Just when you think things on Volusia County beaches can’t get worse. . .
Enter a few self-absorbed residents of the Condo Canyons of Daytona Beach Shores – the Halifax areas own “Heaven’s Waiting Room” – where even folks who sleep and rise in beachfront luxury can find something to bitch about.
I’ve lived in the Halifax area for over 50-years now, and some of my fondest memories are of going to the beach with my grandfather and a day-old loaf of bread.
We would toss small pieces to seagulls and little shorebirds, then laugh and marvel at their aerobatics as they dodged and darted, snatching the crumbs in flight. I always tried to give my allotment to the timid ones who waited patently out of the fray – only to have some aggressive bastard swoop in and grab it from him.
It was fun.
If you’ve never taken a child to the beach and fed the seagulls, I suggest you do it soon.
While you still can.
As a friend of mine recently pointed out, most bad public policy begins with a “condo owner’s complaint.”
In this case, a few beach-goers who enjoy passing the time feeding birds have found themselves crossways with some condominium owners in Daytona Beach Shores.
According to the condo dwellers, this quaint activity results in the birds swarming their pool deck, perching on railings, wading in the pool – and, like birds are wont to do – shitting anywhere, and on anything, they damn well feel like. (Kind of like birds do whether someone feeds them or not.)
And the denizens of Condo Valley want it stopped. Now.
To take their point to the nth, the offended homeowners have enlisted a “national consortium of bird scientists” to help make their case.
According to an article in the Daytona Beach News-Journal, some ninny from something called the American Ornithologist Council, claims that feeding bread scraps to shorebirds is harmful to their health – turning our feathered friends into “junk food addicts” – and depriving them of nutrients, etc.
Look, I’m no Washington-based ornithologist – but do you have any idea the kind of things these birds stuff themselves on at the Volusia County landfill?
Once you’ve seen what they can do to a dirty disposable diaper, you might find that a few Merita Butter Bread heels might be the least of their problems. . .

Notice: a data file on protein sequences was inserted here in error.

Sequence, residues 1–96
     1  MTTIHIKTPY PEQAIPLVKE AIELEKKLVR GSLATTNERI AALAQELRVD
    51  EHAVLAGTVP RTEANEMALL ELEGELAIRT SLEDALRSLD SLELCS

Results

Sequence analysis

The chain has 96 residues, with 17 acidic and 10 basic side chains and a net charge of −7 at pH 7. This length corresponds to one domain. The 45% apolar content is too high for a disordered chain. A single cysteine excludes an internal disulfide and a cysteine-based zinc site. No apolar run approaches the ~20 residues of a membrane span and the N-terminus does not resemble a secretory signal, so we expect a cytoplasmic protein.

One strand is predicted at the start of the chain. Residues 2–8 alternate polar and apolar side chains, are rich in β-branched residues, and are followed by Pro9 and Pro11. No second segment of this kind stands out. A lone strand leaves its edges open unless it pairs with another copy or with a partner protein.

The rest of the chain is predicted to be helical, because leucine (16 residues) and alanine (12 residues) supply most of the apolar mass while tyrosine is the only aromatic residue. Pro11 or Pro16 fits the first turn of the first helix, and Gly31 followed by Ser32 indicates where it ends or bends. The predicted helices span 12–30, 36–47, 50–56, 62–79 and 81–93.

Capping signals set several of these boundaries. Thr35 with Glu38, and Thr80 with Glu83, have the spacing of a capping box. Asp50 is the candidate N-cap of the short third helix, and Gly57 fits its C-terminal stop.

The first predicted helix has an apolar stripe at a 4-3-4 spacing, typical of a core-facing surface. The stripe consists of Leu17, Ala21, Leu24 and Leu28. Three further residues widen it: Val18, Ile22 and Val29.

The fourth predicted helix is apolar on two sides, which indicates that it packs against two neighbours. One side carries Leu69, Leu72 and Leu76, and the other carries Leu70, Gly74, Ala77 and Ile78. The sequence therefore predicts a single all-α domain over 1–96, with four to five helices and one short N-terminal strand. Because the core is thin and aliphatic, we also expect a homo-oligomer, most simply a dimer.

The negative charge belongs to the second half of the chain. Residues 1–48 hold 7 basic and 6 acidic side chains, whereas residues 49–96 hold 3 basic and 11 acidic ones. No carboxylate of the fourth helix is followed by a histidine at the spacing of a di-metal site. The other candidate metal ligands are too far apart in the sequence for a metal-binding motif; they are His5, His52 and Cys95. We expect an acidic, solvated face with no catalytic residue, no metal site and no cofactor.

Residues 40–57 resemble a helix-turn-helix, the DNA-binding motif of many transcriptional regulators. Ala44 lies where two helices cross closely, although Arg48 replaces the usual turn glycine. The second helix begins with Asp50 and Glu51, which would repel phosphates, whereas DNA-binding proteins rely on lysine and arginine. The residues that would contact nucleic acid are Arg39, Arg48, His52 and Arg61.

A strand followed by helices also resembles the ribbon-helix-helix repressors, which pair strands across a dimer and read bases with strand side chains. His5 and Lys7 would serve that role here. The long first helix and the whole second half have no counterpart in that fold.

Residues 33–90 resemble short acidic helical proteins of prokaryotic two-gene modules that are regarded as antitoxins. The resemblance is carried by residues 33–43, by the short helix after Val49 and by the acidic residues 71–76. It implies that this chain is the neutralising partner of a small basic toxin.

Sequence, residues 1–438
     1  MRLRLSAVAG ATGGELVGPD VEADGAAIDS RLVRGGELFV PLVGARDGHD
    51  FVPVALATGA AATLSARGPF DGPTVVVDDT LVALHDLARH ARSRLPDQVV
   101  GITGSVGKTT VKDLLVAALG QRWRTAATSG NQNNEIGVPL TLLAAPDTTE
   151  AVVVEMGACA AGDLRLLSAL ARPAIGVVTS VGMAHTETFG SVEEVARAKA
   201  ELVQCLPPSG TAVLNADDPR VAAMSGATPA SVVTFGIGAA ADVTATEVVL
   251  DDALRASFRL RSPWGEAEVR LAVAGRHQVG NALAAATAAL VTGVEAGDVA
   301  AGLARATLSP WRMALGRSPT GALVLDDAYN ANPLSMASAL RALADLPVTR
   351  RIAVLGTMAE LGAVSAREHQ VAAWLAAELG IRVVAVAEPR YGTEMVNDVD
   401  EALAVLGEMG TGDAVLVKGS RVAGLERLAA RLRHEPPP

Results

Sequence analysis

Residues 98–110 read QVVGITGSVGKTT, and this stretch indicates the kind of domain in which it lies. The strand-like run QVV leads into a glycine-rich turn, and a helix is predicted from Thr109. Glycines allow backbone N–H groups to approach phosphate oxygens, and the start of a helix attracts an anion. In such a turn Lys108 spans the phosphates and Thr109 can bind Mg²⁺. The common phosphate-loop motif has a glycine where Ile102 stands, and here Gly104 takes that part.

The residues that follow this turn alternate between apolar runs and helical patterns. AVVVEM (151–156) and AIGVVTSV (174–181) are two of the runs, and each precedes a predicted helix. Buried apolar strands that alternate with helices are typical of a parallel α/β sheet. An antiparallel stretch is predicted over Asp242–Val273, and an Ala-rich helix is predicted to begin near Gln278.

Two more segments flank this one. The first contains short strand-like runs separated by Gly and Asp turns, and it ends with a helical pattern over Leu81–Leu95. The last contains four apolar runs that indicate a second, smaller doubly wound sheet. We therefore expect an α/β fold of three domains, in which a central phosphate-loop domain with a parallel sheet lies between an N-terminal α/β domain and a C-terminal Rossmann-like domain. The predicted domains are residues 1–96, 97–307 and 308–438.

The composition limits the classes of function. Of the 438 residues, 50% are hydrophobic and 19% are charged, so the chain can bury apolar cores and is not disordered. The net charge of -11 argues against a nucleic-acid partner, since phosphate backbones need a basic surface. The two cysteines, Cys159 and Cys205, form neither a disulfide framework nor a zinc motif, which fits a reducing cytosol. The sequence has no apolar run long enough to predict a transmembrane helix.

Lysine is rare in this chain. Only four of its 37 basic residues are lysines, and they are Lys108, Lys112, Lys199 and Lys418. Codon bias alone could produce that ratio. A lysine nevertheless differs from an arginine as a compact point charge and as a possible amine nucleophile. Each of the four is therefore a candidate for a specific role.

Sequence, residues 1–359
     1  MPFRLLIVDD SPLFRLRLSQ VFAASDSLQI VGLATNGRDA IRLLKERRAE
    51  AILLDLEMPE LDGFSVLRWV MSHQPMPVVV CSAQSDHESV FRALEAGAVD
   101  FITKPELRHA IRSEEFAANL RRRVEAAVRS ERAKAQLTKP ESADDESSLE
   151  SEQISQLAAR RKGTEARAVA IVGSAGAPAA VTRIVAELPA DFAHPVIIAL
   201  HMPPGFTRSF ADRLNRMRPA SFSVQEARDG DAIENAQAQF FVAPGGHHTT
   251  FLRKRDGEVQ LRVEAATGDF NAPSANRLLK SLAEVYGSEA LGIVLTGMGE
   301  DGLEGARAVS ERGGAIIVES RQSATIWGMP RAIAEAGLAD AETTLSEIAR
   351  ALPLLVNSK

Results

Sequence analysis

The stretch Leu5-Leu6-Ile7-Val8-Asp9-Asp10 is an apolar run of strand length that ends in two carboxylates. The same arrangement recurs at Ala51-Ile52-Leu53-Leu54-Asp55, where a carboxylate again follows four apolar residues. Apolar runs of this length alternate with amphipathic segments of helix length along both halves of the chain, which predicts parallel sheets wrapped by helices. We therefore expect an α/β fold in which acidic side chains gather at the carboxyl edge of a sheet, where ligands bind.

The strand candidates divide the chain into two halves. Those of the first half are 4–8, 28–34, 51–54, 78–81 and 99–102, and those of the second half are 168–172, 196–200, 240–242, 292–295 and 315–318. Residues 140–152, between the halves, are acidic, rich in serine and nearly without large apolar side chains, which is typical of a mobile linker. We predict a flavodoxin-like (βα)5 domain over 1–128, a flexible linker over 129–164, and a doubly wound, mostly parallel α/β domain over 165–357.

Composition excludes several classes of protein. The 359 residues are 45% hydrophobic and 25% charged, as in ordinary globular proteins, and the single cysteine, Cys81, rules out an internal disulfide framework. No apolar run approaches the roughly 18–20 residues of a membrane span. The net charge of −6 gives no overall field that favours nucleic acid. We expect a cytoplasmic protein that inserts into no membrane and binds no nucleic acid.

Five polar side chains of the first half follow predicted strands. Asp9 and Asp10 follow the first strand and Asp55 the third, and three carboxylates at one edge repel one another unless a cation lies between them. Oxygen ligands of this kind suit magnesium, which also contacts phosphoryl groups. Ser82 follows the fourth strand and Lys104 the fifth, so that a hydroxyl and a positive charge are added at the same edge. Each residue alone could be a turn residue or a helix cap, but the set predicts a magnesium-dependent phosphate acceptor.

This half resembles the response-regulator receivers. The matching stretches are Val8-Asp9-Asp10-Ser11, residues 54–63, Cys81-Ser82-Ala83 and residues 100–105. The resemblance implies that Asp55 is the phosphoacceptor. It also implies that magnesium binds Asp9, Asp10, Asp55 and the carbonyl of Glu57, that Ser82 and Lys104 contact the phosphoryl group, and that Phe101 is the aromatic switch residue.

In typical fashion, our freshman County Councilwoman, Billie Wheeler – a resident of Daytona Beach Shores – has immediately knee-jerked in favor of new signs, laws and regulations.
I mean, if a handful of bored retirees in some high-rise condominium are bothered by birds-being-birds on their veranda – then the only reasonable solution is to ban every man, woman and child who lives or vacations here from bringing a bag of bread and feeding birds on all 47-miles of Volusia County beaches.
Of course, Ms. Wheeler claims she isn’t referring to a child or a family who drop the occasional chip or crumb. Hell, that would be “unreasonable.”
My condolences to any beach police officer who must sort that one out:
“I saw the Wonder Bread bag, sir. It was in plain view – don’t make me get a search warrant.”
“That’s not my bread, officer. Aunt Betty brought it for sandwiches, honest – my kid only dropped a chip, he didn’t know any better. Actually, the bird was the aggressor.”
“Was the Taser really necessary – the boy’s six?”
“Shut your mouth, son. If I wasn’t in uniform, I’d split your skull with the butt of this revolver quicker than you can say ‘police brutality.’ Today it’s white bread, tomorrow a leftover Cheddar Bay biscuit – the next thing you know these poor gulls are hooked, selling themselves for Cheez-it crackers up by the Ocean Deck. You sick bird-feeding bastards are all alike.”
I agree with my friend, Paul Zimmerman – a long-time beach advocate who has worked tirelessly in the public interest for reasonable and inclusive beach policies.
“I would say no to any more rules on the beach, I don’t know why they would remove feeding — just one more activity in which some residents and taxpayers find enjoyment.”
He’s right you know.
It’s high time our elected representatives understand that we don’t need a new law or regulation every time someone gets uncomfortable. And we damn sure don’t need another sign anywhere near the beach.
The strand is so polluted with signage the natural beauty of the shoreline no longer exists.
Signs and sandwich boards announcing the rules are the first thing a beach-goer encounters when he or she pays their $10-bucks at the toll kiosk – and it doesn’t get any better once you’re down on the sand.
Is it possible that, for once, our elected and appointed officials could just keep it simple – perhaps ask the bird feeders to move a few hundred yards – and tell the condo owners to lighten up a bit?
Maybe ask them to focus on the Big Picture problems of condo-living, like the ostentatious decoration on their neighbor’s door – or the grandchildren in B-23 who overstay the deed-restricted visitation limit – or those miscreants who insist on leaving their sandy flip-flops in the hallway?
Hey, Billie – just a suggestion: Not every tempest in a teapot requires the full force and might of government coercion and compulsion.
You’re not debating the findings of the DBS Beautification Review Consortium anymore.
Now, your decisions effect all of us.
Can’t we simply suggest that people use their intellectual and moral faculties to find simple resolutions to isolated issues – like birds shitting on a pool deck – before we tell a kid in Ormond-by-the-Sea that he’s going to jail – or receiving a summons – if he tosses some bread to a bird like his grandparents did?
My God. What is this place becoming?
What are we becoming?